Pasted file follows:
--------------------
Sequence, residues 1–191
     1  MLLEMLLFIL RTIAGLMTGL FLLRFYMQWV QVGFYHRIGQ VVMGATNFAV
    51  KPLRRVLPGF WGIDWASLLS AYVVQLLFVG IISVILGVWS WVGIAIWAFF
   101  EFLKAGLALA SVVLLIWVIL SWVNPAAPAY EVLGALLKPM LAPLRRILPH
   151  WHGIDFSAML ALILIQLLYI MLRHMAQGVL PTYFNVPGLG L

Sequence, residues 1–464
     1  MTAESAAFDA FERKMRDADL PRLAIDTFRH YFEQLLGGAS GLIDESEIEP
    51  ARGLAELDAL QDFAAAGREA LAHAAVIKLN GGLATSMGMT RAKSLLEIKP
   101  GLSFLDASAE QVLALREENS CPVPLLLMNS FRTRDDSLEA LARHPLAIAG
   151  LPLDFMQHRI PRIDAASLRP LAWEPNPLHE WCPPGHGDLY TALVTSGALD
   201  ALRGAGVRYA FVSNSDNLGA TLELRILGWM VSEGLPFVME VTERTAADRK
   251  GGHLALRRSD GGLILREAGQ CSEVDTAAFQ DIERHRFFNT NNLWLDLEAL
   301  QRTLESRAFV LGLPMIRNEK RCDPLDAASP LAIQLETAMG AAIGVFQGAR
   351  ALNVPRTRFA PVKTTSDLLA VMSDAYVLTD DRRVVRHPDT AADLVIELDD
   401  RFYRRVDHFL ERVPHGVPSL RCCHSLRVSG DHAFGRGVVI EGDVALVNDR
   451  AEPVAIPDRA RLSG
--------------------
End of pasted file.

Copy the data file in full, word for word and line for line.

Sequence, residues 1–191
     1  MLLEMLLFIL RTIAGLMTGL FLLRFYMQWV QVGFYHRIGQ VVMGATNFAV
    51  KPLRRVLPGF WGIDWASLLS AYVVQLLFVG IISVILGVWS WVGIAIWAFF
   101  EFLKAGLALA SVVLLIWVIL SWVNPAAPAY EVLGALLKPM LAPLRRILPH
   151  WHGIDFSAML ALILIQLLYI MLRHMAQGVL PTYFNVPGLG L

Sequence, residues 1–464
     1  MTAESAAFDA FERKMRDADL PRLAIDTFRH YFEQLLGGAS GLIDESEIEP
    51  ARGLAELDAL QDFAAAGREA LAHAAVIKLN GGLATSMGMT RAKSLLEIKP
   101  GLSFLDASAE QVLALREENS CPVPLLLMNS FRTRDDSLEA LARHPLAIAG
   151  LPLDFMQHRI PRIDAASLRP LAWEPNPLHE WCPPGHGDLY TALVTSGALD
   201  ALRGAGVRYA FVSNSDNLGA TLELRILGWM VSEGLPFVME VTERTAADRK
   251  GGHLALRRSD GGLILREAGQ CSEVDTAAFQ DIERHRFFNT NNLWLDLEAL
   301  QRTLESRAFV LGLPMIRNEK RCDPLDAASP LAIQLETAMG AAIGVFQGAR
   351  ALNVPRTRFA PVKTTSDLLA VMSDAYVLTD DRRVVRHPDT AADLVIELDD
   401  RFYRRVDHFL ERVPHGVPSL RCCHSLRVSG DHAFGRGVVI EGDVALVNDR
   451  AEPVAIPDRA RLSG